PARKERSBURG -Faced with a multimillion-dollar shortfall from declining revenue, city officials are being pressed to come up with a solution - and fast.
The city is facing a $2.5 million revenue deficit and Mayor Bob Newell and other administrators are looking to find ways to climb out of the hole.
Newell met with The Parkersburg News and Sentinel Tuesday to outline the situation and potential solutions. While Newell discussed ways to offset the lost revenue, he made it clear the decisions would ultimately be up to city council.
Parkersburg Mayor Bob Newell discusses the city’s financial situation Tuesday. The city is facing a $2.5 million deficit and Newell and other city leaders are working on ways to climb out of the hole.
"I'm the one telling them they have to do something," he said. "It is not their fault, but it is their responsibility."
Councilmen will meet this afternoon as the Revenue Enhancement Committee to consider ideas.
Newell plans to submit options and recommendations to the committee. Among those options: a utility tax; raise police and fire fees; a user fee; raise B&O tax; increase the amount employees pay for health insurance; cut the automatic longevity pay raise for employees; make additional budget reductions.
Loss of tax revenue from St. Joseph's Hospital going nonprofit is $1.2 million a year.
Total budget shortfall because of economic conditions is $2.5 million.
Health insurance premiums the city pays for employees is about 11 percent of the $22.692 million budget.
Possible sources of funding, besides cuts to the budget, include a utility tax, a user fee upon all workers in the city regardless of residency and increases in fees.
While all are viable, Newell is opposed to raising police and fire fees or a utility tax.
"Business pay the lion's share of taxes," he said, referring to property taxes and B&O taxes. "I don't like putting more on the backs of businesses. Businesses alone clearly cannot continue to be responsible for the bulk of fees and revenue coming into the city."
Personnel wise, Newell said the city has already eliminated at least 15 support positions. He's hesitant to eliminate more.
However, the elimination of longevity pay and an increase in employee health care contributions might be an avenue favored by council. The city pays around $9,243 per employee for health insurance, which accounts for about 11 percent of the city's $22.692 million budget.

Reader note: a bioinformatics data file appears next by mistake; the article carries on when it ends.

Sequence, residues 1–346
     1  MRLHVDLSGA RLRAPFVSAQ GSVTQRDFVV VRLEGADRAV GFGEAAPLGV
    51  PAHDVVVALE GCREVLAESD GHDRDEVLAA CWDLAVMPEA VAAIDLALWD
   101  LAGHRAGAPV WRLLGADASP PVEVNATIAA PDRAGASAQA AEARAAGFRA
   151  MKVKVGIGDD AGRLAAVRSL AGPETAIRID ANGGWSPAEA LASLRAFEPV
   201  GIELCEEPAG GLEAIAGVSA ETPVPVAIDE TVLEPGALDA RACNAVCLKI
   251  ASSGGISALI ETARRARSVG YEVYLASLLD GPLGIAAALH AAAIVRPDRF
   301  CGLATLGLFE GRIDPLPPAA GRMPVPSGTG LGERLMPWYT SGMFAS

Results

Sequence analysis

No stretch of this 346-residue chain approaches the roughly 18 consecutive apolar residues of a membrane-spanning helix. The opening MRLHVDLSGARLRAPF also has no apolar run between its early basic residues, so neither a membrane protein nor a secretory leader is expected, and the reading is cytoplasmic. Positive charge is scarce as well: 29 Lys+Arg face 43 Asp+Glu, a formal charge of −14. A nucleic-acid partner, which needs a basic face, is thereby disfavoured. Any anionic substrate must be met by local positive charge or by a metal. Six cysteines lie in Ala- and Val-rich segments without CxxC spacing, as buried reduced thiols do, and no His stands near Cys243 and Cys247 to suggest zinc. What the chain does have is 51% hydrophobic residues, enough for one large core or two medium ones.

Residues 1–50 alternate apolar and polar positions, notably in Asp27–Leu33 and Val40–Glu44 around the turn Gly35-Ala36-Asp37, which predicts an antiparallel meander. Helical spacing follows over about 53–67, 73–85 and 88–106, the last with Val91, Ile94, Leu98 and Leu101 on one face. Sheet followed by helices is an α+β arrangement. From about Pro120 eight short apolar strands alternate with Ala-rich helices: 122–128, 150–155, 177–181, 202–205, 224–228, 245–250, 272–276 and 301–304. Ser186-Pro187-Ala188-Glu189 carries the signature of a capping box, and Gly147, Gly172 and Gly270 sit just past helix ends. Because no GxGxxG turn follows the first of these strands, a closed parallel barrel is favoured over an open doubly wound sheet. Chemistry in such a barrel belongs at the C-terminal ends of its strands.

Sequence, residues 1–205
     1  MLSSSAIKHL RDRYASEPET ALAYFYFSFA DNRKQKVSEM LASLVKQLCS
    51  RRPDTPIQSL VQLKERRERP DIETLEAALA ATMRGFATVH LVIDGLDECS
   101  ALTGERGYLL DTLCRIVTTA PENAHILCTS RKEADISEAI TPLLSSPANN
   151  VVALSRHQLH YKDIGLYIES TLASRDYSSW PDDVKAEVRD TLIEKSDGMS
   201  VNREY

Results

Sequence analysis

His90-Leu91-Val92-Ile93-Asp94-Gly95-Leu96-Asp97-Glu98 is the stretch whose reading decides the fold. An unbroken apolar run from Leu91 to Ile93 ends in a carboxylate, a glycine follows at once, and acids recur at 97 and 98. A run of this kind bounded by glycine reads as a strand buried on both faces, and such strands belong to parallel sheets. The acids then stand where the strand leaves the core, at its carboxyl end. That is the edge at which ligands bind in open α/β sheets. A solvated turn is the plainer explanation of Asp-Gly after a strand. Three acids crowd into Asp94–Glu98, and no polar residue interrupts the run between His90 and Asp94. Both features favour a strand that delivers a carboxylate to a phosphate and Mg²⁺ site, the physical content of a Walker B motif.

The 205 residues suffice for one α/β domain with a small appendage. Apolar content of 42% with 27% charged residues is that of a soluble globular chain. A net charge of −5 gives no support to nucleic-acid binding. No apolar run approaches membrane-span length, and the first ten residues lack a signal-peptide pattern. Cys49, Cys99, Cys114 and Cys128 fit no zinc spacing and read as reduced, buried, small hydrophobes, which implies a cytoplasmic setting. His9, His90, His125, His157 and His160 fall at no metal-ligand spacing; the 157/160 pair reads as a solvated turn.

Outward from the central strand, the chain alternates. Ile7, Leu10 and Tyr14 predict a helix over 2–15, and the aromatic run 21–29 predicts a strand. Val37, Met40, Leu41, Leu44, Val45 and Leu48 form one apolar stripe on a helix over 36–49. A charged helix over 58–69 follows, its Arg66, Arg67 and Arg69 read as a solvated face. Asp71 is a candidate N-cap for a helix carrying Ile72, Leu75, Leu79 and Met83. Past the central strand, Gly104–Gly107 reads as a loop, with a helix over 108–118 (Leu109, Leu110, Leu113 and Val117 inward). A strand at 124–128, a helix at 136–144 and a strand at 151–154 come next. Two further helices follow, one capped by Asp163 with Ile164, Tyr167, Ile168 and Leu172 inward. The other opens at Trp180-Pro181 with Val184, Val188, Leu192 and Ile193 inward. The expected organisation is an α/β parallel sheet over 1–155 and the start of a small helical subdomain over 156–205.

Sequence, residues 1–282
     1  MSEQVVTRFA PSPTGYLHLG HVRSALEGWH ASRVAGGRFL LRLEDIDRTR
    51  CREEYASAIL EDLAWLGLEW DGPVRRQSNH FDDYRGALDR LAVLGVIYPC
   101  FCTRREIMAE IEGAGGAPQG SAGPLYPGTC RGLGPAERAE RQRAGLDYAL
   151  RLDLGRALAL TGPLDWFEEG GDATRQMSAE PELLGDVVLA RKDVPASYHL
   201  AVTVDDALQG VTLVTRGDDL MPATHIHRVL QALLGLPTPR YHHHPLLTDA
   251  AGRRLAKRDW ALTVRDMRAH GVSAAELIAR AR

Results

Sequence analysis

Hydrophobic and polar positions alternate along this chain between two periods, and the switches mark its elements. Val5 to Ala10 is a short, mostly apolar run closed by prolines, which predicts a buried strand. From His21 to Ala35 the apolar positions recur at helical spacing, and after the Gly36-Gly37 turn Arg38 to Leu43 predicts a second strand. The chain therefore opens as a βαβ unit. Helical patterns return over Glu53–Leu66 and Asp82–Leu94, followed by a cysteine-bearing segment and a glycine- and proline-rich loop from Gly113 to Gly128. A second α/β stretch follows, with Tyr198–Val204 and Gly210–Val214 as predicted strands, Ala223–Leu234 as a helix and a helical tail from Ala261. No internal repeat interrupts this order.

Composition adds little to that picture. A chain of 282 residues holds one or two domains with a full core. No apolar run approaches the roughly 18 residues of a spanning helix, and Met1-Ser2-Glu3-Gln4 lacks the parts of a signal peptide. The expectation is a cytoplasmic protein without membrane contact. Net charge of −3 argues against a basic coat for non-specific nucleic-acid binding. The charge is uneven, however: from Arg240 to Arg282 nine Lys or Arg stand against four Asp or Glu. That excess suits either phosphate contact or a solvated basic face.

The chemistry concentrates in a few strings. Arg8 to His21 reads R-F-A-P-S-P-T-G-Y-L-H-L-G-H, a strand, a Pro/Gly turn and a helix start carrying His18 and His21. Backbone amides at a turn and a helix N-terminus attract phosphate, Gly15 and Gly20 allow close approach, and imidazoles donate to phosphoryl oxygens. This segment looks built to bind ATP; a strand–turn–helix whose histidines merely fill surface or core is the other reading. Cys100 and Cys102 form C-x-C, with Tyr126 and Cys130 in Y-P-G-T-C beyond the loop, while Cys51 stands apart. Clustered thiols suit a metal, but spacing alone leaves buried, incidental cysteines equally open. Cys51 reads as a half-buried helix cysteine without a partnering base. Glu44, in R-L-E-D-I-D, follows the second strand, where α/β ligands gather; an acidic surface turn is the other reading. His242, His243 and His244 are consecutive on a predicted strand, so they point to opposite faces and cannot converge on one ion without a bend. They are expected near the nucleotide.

A user fee could generate from $2.7 to $3.5 million, depending on the amount of the fee. A $3 a week user fee would cost anyone working in the city $156 a year.
Officials calculate the city has 22,500 people who work within the city limits.
Council has pulled almost $500,000 from the capital reserve fund to cover shortfalls in the 2010-2011 budget, but the fund was never intended to balance the budget.
Almost half of the $2.5 million shortfall is the anticipated loss of $1.2 million in B&O and property taxes after the for-profit St. Joseph's Hospital is purchased by the nonprofit West Virginia United Health Systems.
Coupling the St. Joseph's loss in revenue is lesser B&O Tax revenue because of the economy, Newell said.
"Something will have to be done immediately," he said. "We are spending reserves now."
In June, the Revenue Enhancement Committee received a breakdown of fees and revenue generated by surrounding cities. Officials reviewed a list of potential fees and taxes (police and fire, cemetery, amusement tax, motor vehicle registration tax).
Some committee members took notice of a private liquor club fee, which generates more than $400,000 for Huntington. Most discussion centered on a user fee and a utility tax.
Finance Director Doug Life said a user fee would generate about twice as much as a utility tax, but a utility tax would apply to all city residents. A user fee affects only those who work in the city.
Charleston, Huntington and Weirton each assess a user fee on workers inside city limits. Charleston has a $2 user fee. Huntington recently increased its city user fee to $3.
The utility excise tax is imposed upon every purchaser of a public utility service for the privilege of purchasing, using or consuming a public utility service within the city limits. Utility service includes, but is not limited to, telephone service, electric service, gas service, motor carriers, garbage haulers and water service.
Charleston, Huntington, Morgantown and Wheeling each have a 2 percent utility excise tax. Williamstown and Vienna also charge utility tax. Parkersburg is the only major city in the state without a utility tax and one of only a handful of large cities in the state without a user fee.
Newell acknowledged the revenue enhancement will not be well-received, especially in light of recent boosts in fees for sanitation and water. The mayor also plans to hold a town hall-style meeting Tuesday evening at the city building to discuss taxation and city services.
He stressed whatever officials come up with to offset the declining revenue, it can not be a bailout.
"(Council) needs to get enough money to provide better services - to operate properly. So people can see where the money is going. We want to raise enough to provide better services."